Greek Life is undoubtedly responsible for unsafe behavior. However, the Duke administration must realize that a significant portion of the student body is involved in Greek organizations and that without a viable alternative to social life on campus, Greek life will continue to exist in the Durham community. Only time will tell whether Duke’s solution to the problem, QuadEx, will successfully revamp campus social life.
The decision to adopt the new residential model called QuadEx in Fall 2021 was shocking to many in the undergraduate student body. The Class of 2025 even matriculated without knowing that they would be the first class to experience the new living system. In this case, the administration only consulted students after the decision had been announced. When “Scan this QR code to share your feedback on QuadEx!” posters began appearing around campus, it seemed almost like an afterthought by the Duke administration. The futile attempt to gather student input after a major decision had already been made was blatantly ineffective and out of touch, leading to an immediate backlash among freshman and sophomores.
Another example of Duke officials acting without student input was when Vice Provost Mary Pat McMahon’s vacated office was given to the Career Center last semester. Despite “previously promising the space to multiple student groups who have been demanding more space for decades,” administrators seemed to have other plans. This decision was made behind closed doors and without any consultation from underrepresented cultural identity groups, such as Latinx students, Black students and Native American students. The disjointed nature of communication between officials and the student population further exacerbates what seems to be an alarming misalignment of the Duke administration’s priorities and its students’ priorities.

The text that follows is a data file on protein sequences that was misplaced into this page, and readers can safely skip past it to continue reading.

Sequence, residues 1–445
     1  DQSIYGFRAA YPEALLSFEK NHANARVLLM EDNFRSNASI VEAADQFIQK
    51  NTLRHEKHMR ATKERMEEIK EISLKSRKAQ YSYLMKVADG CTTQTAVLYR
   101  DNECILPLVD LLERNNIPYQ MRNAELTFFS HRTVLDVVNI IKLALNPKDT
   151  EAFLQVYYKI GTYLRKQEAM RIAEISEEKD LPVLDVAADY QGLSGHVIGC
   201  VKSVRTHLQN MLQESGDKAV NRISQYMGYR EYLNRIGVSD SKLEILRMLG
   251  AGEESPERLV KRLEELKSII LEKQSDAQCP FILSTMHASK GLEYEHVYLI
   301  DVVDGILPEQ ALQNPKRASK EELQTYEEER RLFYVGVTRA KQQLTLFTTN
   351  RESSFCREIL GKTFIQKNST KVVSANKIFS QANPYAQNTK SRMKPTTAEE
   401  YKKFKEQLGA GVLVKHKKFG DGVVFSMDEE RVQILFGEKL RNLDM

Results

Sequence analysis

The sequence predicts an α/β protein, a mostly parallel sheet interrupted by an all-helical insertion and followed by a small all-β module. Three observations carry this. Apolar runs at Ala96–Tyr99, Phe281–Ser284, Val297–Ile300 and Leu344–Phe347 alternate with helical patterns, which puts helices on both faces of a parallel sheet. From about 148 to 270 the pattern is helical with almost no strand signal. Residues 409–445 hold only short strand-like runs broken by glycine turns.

Managing Duke’s student body, workforce and bureaucratic divisions is certainly difficult, and we do not expect the administration to consult every student, professor or employee on decisions. Additionally, we recognize that Duke officials have attempted to receive student input, such as through the town hall that was held on December 9, 2020 pertaining to QuadEx. However, it is important to note that these actions were only conducted after significant decisions had been made, not before or during.
As members of the student body, we expect the Duke administration to actively seek out conversations from the relevant student groups before making decisions that will have overarching implications on campus life. It is important, too, that university leaders speak with a diverse group of students that reflect the values and beliefs held on campus. Administrators who talk to students that simply echo their own personal convictions may only gain a one-sided outlook. By speaking to students directly rather than posting anonymous surveys, Duke will inevitably enact changes to university policy that are representative of student goals – not simply the wills of donors or individual officials.
The Community Editorial Board is independent from the editorial staff of the Chronicle. Their column runs on Tuesdays.